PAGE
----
She was dressed and sitting at the breakfast-table when I awoke, and I saw she was nervous. Her tentative eyes turned to look up at me; for the first time her nose was not in a novel.
“We have to leave soon,” she said. “Our appointment with Mr McGuinness is at 8:30.”
It was our third week in the new city. In order to be accepted into the best junior school here, the nine-year-old had had to sit for an entrance exam that evaluated her academic competence. Results were due this morning.
Mr McGuinness stood up to shake our hands when we arrived. On a sheath of paper upon his desk. a bold letter E was marked on the top sheet in red biro. “Thank you for directing your mum to the office, Charlotte,” he smiled. “Would you mind waiting outside while I have a few moments with her?”
Alone, Mr McGuinness presented to me the lass’ graded tests. “Charlotte has done brilliantly,” he began, spreading out four sets of papers. “Excellent for English, Language Other Than English, and Science…”
“And a Distinction for Maths?” I interrupted, noticing a circled D.
“Yes,” said the teacher. He explained that this year’s questions had been tricky. But Charlotte had duxed her peers, most of whom received a credit or a pass. The school was very proud of its Mathematics standard, he said, and he was confident with time the lass would build upon her foundation, and improve. Before the next stage of the assessments, her overall grade was Excellent.
En-route home, the lass was subdued, as she stared impassively through the car-windscreen. Her skin was pale against her yellow hair, colouring her face like desert.
“Mr McGuinness says you have done very well,” I said, making the decision not to give away too many details, that I knew would ruin for her the glow of her accomplishments so far. “And the next step now will be the oral component.”
The lass said nothing.
“Would you like us to practise a little when we get home?” I said. “I’ve printed out some discussion topics.”
“All right, if you want to.”
After lunch, we tried to role-play on different subjects, from hobbies to climate change, animal welfare to food; but she had not much to say on anything.
“Are you tired, love?” I asked her.
“No… I don’t know, a little, maybe.”
It would have been natural for her to feel relieved, if not delighted, at what she had achieved, but all the time since we left the school-office, she was looking straight ahead, looking very peculiarly.
“How about trying again tonight?” I offered.
She was silent. After a long while, she said, “Mama, you don’t have to do this, if you don’t want to.”
“But I want to.”
“I mean, you don’t have to, if it wastes your time.”
I thought she was perhaps a bit anxious and wanted to be left alone; so after warming for her some milk I went to work on my patchwork-quilt.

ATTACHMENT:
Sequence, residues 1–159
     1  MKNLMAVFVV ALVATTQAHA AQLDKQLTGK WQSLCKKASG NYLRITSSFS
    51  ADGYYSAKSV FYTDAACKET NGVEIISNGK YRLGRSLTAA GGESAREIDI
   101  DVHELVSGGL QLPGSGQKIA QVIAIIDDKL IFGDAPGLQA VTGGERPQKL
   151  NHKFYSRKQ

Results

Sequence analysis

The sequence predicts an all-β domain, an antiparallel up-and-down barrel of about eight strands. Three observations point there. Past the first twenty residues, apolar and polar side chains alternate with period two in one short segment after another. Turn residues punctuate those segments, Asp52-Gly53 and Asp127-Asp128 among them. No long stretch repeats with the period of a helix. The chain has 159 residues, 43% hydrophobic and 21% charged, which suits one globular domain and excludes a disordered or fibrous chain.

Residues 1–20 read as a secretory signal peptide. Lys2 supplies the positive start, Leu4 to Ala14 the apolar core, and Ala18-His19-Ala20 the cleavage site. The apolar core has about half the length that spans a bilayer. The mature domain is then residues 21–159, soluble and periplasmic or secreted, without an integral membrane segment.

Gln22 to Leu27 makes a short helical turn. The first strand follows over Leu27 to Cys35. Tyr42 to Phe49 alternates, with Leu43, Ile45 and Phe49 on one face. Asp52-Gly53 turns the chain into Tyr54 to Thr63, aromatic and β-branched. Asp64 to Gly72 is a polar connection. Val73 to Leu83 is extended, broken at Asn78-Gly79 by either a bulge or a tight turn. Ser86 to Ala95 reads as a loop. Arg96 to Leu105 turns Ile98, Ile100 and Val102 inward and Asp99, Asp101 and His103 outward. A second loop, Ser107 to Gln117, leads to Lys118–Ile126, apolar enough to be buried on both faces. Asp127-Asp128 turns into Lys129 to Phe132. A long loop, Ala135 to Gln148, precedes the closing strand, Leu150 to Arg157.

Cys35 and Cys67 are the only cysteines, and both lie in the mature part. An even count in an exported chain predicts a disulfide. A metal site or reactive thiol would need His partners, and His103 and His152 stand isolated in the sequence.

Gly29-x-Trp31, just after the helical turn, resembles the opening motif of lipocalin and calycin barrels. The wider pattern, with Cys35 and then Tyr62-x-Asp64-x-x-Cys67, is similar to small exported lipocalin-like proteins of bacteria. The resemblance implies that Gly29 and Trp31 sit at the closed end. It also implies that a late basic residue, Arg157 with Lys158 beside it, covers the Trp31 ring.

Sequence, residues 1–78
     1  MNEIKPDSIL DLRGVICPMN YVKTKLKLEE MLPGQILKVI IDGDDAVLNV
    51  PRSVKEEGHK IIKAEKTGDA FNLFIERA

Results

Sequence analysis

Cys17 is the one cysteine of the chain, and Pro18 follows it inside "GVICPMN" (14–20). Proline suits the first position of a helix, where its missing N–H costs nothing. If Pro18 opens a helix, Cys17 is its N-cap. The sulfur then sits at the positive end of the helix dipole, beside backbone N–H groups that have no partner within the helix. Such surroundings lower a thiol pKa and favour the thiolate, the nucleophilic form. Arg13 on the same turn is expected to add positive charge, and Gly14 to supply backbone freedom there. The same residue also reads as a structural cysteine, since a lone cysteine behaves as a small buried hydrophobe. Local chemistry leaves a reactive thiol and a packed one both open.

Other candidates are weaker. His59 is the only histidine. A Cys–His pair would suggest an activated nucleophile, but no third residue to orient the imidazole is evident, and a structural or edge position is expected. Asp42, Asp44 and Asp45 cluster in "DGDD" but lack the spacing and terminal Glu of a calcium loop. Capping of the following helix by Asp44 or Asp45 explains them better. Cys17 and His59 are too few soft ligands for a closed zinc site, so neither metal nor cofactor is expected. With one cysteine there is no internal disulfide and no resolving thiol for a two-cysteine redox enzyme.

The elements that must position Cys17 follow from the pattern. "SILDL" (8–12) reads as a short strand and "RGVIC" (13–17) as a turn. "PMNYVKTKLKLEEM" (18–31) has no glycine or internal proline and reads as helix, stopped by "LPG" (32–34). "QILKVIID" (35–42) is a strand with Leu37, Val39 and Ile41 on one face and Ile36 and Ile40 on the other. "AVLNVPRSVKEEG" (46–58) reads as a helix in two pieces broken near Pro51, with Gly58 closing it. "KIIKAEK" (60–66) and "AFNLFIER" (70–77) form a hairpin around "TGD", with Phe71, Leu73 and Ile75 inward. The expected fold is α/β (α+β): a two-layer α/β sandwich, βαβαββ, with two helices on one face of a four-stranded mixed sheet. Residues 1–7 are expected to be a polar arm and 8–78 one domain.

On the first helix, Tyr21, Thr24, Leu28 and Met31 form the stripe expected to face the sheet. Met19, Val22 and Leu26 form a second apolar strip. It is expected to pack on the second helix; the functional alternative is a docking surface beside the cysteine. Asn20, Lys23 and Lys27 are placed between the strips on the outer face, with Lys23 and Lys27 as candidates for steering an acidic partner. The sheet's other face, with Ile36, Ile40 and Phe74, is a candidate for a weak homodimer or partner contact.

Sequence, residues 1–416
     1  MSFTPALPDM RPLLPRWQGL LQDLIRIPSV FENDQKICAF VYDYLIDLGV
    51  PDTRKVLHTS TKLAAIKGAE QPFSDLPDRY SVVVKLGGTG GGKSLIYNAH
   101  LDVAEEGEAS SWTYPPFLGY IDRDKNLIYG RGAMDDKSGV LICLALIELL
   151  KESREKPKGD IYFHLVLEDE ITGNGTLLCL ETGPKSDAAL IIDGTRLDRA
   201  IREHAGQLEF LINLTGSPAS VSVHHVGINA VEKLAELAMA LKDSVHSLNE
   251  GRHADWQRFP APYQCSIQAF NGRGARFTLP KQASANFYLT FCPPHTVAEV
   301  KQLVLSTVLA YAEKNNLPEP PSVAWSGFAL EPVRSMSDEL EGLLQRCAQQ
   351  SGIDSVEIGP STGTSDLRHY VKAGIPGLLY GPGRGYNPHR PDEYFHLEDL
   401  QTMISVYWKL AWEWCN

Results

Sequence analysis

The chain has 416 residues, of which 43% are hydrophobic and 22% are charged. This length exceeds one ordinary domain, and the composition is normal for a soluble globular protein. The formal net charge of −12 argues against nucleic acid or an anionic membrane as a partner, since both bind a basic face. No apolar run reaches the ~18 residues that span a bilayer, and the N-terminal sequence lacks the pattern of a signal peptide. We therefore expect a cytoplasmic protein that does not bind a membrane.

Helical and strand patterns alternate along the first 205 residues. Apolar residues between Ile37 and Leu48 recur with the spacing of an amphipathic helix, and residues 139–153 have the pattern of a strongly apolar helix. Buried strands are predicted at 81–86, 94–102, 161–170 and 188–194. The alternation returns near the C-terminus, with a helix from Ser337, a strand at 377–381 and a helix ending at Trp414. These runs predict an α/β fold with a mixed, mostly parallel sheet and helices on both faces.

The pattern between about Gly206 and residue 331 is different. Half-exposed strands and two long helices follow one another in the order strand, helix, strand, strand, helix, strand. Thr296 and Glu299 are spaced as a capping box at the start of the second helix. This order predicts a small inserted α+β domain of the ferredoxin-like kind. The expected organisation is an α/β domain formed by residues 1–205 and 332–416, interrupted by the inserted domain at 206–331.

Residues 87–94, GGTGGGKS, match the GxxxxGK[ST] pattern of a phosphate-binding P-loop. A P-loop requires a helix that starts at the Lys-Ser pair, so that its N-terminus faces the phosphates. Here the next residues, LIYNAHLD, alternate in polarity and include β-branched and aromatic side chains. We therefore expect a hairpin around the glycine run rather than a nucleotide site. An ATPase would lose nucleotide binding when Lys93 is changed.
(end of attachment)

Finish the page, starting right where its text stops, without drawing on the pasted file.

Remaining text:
It was a hot and dusty day, passing trains right outside the door leaving a layer of grey powder on all the windows, so that it seemed as if something huge and alive about us was breathing vapour upon the town. I swept the floor of this gloomy film, so as to lay down the fabric-backing for the quilt, but it was challenging to keep grit from settling between the cloth and the batting that went above it, and as soon as I smoothed out a wrinkle from either sheet to flatten them, brushing away dirt at once created new ones.
With masking-tape I attached the sides of the backing to the floor, before placing my stitched-up quilt-top on the bottom two layers. Slowly, I pinned the sections together, starting from the centre, working outwards, in concentric circles. A large craft while you were poised over it cautious to keep out dust and creases it made for difficult work, and I pricked my fingers a dozen times. Before leaving, I covered it with a plastic sheet, pleased to be past the hard part, happy there was more to do another day.
In the room, the lass was in exactly the same attitude as I had left her, slouched on the chair, staring, as she had stared, into an annihilating infinity. She was clearly gripping onto herself about something.
“Have you thought about answers to some of those questions?” I asked.
“Why not?” I persisted.
“Will it help?”
“Of course it will.” I picked up the list of topics, ready with some prompts to guide her back to her eloquent self.
“When am I going back to Dubbo?”
“When are you sending me back?”
“I’m not sending you back. What’s wrong with you?”
“Oh, yes, you are, you only want me to be in the best school,” she replied, “and now that I got an E, I’m not going to make it here.”
“It was written on Mr McGuinness’ paper.”
“I’ll never let you leave me; that’s a silly way to talk.”
“But I won’t be able to get an A, however much I prepare for the oral test.”
She had been worried about being abandoned because of a bad score, since 8:30 in the morning.
“You, poor lass, E is for Excellent in Wagga Wagga, the highest anybody can go. Then they have D for Distinction, C for Credit, and so on.”
“Are you sure?”
“Absolutely,” I said, “and I will never send you back, and stay behind on my own. If you’re not accepted into this school, we’ll just try another one; if you’re not happy in Wagga Wagga, and want to return to Dubbo, we will go back together.”
Her face relaxed slowly; her grip onto herself relaxed, too, finally. The rest of the day was very slack. That night, she crawled into my bed, and fell asleep against my chest.